Independent firms will help shape the mergers and acquisitions scene in the asset management industry in 2010, according to investment bank Jefferies & Co.
This new trend, based on several deals in the fourth quarter, some involving independents, would be a new phase in the M&A landscape which has, until now, been largely dominated by mega-deals involving large corporations and multi-billion dollar contracts.
Divestitures accounted for 60% of the M&A transactions in 2009, a trend Jefferies expects to see continue throughout the first half of this year, the company said in a report released Thursday. But as market conditions improve and asset flows return, many aging advisors of independent firms who were waiting for sunnier skies over the past two years will begin transitioning out of the business in 2010, Aaron Dorr, a managing director at Jefferies’ Financial Institutions Group in New York City says.
Chip Roame, a managing principal at Tiburon, says that while independent M&A activity is sure to increase over the next two decades, it has little to do with the environment in 2010. “In the asset management, broker-dealer, RIA and even community bank industries, there are five or 10 big firms and thousands of little firms that are owned by little guys,” Roame says. “Will the little guys drive the activity going forward? Sure, there’s no one else to do, since most of the public companies have bought each other by now. These guys are simply getting older, so for the next 10 to 20 years you will have a series of little guys who are going to sell, and that has little to do with 2010. You aren’t going to see a tripling of M&A activity this year—you will see a slow increase across a decade or two.”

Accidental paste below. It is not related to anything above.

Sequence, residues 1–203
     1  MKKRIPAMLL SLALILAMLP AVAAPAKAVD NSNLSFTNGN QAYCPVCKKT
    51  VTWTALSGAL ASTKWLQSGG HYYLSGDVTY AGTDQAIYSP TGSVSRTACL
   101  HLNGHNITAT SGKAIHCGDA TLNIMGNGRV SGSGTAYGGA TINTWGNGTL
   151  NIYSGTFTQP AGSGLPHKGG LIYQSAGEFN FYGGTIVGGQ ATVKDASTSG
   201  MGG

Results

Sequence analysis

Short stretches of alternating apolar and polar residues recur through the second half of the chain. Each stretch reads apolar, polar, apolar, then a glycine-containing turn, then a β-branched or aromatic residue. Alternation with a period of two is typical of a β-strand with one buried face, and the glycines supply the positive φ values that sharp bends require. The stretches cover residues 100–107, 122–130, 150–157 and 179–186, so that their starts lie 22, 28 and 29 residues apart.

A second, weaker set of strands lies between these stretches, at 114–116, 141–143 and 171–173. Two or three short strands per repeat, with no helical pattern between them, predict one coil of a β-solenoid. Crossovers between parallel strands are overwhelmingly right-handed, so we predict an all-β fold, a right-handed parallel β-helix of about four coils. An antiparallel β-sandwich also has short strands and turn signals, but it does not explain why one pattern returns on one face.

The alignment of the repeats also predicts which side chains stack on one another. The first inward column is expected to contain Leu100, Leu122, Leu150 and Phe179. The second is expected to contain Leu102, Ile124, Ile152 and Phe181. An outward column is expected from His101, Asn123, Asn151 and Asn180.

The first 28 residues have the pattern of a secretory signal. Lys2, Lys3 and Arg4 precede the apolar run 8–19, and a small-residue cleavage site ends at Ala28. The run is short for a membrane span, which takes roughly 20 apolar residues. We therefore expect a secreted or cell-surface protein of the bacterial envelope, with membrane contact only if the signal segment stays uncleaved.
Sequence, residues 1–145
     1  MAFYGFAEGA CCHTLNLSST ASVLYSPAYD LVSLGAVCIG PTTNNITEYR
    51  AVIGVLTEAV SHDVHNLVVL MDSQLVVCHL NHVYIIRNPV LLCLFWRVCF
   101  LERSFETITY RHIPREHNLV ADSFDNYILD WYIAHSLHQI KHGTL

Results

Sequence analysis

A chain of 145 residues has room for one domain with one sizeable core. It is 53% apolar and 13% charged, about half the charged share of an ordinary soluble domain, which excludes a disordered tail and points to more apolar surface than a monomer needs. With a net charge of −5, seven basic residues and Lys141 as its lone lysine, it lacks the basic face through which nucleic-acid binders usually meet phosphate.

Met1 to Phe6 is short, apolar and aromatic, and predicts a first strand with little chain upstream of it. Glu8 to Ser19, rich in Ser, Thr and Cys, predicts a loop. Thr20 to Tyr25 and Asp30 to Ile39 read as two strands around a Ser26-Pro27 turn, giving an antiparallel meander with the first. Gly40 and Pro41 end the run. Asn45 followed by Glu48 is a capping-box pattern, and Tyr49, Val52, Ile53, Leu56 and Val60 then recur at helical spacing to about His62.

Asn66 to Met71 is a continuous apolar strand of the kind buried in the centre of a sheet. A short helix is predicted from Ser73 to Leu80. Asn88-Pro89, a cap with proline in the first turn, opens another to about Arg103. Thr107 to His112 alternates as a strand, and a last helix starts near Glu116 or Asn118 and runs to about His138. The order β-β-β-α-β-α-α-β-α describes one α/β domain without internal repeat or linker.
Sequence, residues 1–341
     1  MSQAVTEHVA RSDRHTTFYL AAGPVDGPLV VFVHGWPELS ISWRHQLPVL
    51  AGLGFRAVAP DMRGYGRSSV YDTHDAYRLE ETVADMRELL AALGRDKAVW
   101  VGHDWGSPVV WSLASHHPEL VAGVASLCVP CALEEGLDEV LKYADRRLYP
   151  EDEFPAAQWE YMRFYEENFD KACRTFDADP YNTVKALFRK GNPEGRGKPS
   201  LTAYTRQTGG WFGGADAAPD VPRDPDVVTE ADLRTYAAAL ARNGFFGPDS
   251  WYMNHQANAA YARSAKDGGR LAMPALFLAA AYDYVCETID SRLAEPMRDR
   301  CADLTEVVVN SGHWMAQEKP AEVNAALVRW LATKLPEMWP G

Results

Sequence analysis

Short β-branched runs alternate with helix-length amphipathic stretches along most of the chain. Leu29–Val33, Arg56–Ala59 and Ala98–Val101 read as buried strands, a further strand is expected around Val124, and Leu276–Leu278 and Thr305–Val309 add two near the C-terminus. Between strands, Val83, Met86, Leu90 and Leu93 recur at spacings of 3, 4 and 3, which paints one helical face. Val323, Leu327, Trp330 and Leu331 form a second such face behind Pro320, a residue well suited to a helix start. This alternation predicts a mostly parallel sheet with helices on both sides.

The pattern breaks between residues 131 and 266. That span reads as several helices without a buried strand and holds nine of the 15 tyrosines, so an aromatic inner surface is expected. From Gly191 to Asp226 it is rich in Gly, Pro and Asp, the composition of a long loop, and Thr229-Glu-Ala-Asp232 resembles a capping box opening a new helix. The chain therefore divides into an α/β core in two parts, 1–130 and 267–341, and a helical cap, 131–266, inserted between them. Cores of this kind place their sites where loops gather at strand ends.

Only 61 independently owned managers were involved in transactions in 2009, 57% less than in 2008 and the lowest level in more than a decade. Nonetheless, large deals such as Advisory Research’s sale to Piper Jaffray and Metropolitan West Asset Management’s purchase by TCW in the fourth quarter indicated a new, more independent phase in M&A activity, Jefferies says. At the beginning of this year, Moss Adams Wealth Advisors acquired San Diego-based wealth management firm Rowling, Dold & Associates after an 18-month courtship, boosting Moss Adam’s assets under management to more than $1 billion.
“If they’re talking about wealth management, it is an expensive undertaking to uphold an RIA particularly to grow it and putting several RIA firms together will be something that we’ll see,” says Alois Piker, research director at Aite Group. “Right now, there are about 100 firms at $1 billion in assets—that number will grow. You will see firms at the top growing by acquisition.”
Throughout 2009, the M&As market was dominated by mega-deals with a record nine transactions involving firms with assets under management topping $100 billion. While deal volume in 2009 declined by 35%, the number of assets under management that changed hands rose to an all-time high of $4.0 trillion—up from $1.95 trillion in 2008 and 51% higher than in 2006, the previous record year. Total disclosed deal value also rose last year to $24.9 billion from just $15.9 billion in 2008.
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